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British Telecom using visual .net todevelop denso qr bar code in asp.net web,windows application Use QR Codes safely 790 Wireless Cities one of the most exciti ng developments in Westminster s history a city, I m sure you ll agree, not short of exciting developments in its past. It is a similar story in Glasgow, in Milton Keynes, in Norfolk, in Sussex, in Cardiff, in Lewisham. Local councils are looking to create a wire-free working environment for citizens, business people and visitors, as well as using Wi-Fi to improve the flow of communication within the council itself.

Currently, BT has committed itself and significant investment to establishing Wireless Cities throughout the UK where wireless technology creates wireless broadband coverage in the heart of a city. BT is working closely with each local authority to establish a network and applications to meet individual requirements. But this is only the start.

Once the initial wireless cities have been rolled out others will follow and we are sure they will expand due to the huge benefits to the community. This chapter sheds some light on the whys and wherefores of wireless cities. It demonstrates how Wi-Fi is making an impact right now for local authorities, businesses and citizens.

It also sets out BT s vision to keep people and communities better connected whether at home, in the workplace or out and about, with access to all their applications and information on their choice of device and utilising the best network available with a simple and seamless user experience. Great strides are being made in opening up access between local authorities and its citizens. Wi-Fi is at the heart of this enabling technology.

This truly is an exciting time and one we are proud to be part of.. Unplugged and Recharged Contributed by Councill or Paul Bettison, Local Government Association e-Government Champion Local authorities across the UK are constantly looking to confirm their community s position at the forefront of the online digital revolution. As the percentage of workers on the road increases and wireless-enabled devices flood the market, councils need to recognise that a leading-edge technology environment is an expectation of big business and a prerequisite for attracting inward investment. Simply put, councils want and need to emerge as leaders of a modern community on the move, fulfilling their vision of creating an e-enabled business and residential hub.

To answer this need, mobile wireless solutions are beginning to form a key layer in local authorities business processes. They can help drive urban-generation through delivery of better and more cost-effective council services, as well as attracting businesses and visitors into city centres through the offer of ubiquitous broadband access. From my point-of-view, the benefits of a wireless network in meeting the multiple agendas which local authorities must fulfil today are not difficult to envision.

At least, they include creating an efficient workforce and attracting businesses to the local community and thereby providing the necessary environment for economic regeneration. At most they can improve access for a public who expect everything yesterday be they business travellers, tourists or residents. Specifically on the delivery of public services, councils can plan and, with the likes of Westminster, Lewisham, Milton Keynes and Cardiff, are already seeing both the cost savings and increased productivity on offer from a wireless-enabled workforce which has.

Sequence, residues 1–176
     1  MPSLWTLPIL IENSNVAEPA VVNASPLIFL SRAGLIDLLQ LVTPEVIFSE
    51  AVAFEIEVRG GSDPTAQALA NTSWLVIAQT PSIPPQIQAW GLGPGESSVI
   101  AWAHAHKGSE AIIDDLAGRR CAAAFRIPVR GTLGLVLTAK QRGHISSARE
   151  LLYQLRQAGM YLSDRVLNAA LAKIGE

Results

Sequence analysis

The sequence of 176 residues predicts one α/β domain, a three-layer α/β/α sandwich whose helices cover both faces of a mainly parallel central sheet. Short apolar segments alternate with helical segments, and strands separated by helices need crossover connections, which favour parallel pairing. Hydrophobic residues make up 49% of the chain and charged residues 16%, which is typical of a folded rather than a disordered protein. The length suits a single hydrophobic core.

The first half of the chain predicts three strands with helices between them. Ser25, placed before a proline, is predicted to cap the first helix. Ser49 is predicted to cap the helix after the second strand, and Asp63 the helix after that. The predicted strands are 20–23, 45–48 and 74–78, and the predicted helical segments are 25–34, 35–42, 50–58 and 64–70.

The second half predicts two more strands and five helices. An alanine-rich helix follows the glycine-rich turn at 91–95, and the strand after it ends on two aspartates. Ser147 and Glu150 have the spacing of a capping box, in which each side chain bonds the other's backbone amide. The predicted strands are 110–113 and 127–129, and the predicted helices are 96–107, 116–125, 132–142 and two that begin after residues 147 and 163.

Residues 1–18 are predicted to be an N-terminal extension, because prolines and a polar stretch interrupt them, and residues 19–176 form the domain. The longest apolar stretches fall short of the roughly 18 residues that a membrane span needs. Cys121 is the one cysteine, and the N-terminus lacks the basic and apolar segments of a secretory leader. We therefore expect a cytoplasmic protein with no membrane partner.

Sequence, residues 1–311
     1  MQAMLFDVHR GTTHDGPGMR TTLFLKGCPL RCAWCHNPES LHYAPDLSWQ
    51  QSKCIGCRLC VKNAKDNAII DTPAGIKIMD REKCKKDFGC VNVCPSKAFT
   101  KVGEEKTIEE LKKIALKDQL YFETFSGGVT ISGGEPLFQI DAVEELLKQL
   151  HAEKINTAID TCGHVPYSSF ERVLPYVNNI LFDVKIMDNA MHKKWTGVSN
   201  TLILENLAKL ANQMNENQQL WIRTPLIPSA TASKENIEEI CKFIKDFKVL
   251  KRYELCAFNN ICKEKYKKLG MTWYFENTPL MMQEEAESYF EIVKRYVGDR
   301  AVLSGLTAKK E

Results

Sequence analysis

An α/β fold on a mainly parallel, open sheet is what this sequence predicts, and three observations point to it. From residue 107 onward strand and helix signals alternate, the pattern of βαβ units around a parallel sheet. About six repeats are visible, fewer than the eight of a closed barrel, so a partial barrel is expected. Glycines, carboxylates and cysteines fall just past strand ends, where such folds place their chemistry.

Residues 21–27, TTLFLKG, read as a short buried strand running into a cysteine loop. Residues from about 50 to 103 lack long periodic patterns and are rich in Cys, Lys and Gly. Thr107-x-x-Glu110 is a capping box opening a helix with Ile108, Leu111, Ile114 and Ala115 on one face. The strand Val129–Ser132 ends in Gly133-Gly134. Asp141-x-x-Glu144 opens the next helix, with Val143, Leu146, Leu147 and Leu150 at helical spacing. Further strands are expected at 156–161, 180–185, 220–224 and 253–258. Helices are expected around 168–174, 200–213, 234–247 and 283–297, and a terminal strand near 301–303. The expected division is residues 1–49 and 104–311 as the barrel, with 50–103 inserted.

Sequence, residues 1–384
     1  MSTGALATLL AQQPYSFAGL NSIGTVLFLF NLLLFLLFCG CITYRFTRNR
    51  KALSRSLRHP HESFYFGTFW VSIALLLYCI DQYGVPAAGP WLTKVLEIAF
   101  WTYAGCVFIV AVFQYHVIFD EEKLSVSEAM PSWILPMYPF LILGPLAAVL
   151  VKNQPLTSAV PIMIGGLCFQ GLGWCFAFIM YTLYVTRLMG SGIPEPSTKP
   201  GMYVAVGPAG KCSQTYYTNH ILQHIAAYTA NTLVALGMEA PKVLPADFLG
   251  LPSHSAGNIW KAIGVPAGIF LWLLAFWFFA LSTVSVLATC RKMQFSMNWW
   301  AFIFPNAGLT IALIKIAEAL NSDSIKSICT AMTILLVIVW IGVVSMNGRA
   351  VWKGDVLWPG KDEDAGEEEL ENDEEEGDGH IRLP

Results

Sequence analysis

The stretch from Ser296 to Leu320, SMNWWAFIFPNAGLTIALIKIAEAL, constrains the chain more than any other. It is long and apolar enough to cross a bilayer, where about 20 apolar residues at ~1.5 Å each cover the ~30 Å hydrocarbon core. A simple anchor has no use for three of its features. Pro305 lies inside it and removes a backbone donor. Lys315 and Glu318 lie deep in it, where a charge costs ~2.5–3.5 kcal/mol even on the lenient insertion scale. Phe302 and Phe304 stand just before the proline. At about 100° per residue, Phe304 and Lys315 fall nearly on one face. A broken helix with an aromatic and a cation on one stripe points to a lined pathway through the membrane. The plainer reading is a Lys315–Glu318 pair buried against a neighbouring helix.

Wireless Cities 791 remote access to centra lly-located business applications. From a harassed Licensing Officer desperately searching for an internet connection to an anxious boss needing urgent information from the Housing Officer out visiting local residents, wireless broadband technology can make it all much easier. In more general terms, mobile working can help organisations of any size utilise their officers time more effectively.

Employees can stay in touch with the latest corporate information and communicate with the office cost-effectively, wherever they are at a Wi-Fi hotspot. Reducing employees need to travel to and from the office means dead time is reduced; productivity, satisfaction and flexibility are increased and a better work-life balance and environmental improvements can be achieved. Not to mention the potential to release the value of real estate assets by setting up home practices.

In addition, future residents will be able to use their Wi-Fi cameras, Wi-Fi phones, Wi-Fi enabled gaming consoles or Wi-Fi MP3 players wherever they are in a wireless community. The historical problem is that, for many local authorities, it is too expensive to build their own wireless networks. However, working closely with established Wi-Fi providers such as BT, councils can look to the latest generation of high-speed broadband networks to provide the cohesiveness that a progressive city needs to move forward, making full functionality a reality.

Local authorities must keep pace with robust wireless technologies to optimise mobile working practices, while improving access for the public. Cost-effective public wireless broadband networks are essential to provide front-line workers with full access to back-office business applications, as well as empowering the general public. Suddenly the digital gap narrows and, in the meantime, the speed of Wi-Fi means increased speed of service delivery to its citizens, to whom councils are ultimately accountable.

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